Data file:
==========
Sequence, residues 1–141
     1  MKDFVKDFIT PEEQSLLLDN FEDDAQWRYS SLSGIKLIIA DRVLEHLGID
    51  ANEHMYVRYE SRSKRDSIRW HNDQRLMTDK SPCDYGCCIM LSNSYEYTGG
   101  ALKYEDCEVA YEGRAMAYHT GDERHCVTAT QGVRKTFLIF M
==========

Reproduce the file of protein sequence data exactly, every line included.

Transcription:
Sequence, residues 1–141
     1  MKDFVKDFIT PEEQSLLLDN FEDDAQWRYS SLSGIKLIIA DRVLEHLGID
    51  ANEHMYVRYE SRSKRDSIRW HNDQRLMTDK SPCDYGCCIM LSNSYEYTGG
   101  ALKYEDCEVA YEGRAMAYHT GDERHCVTAT QGVRKTFLIF M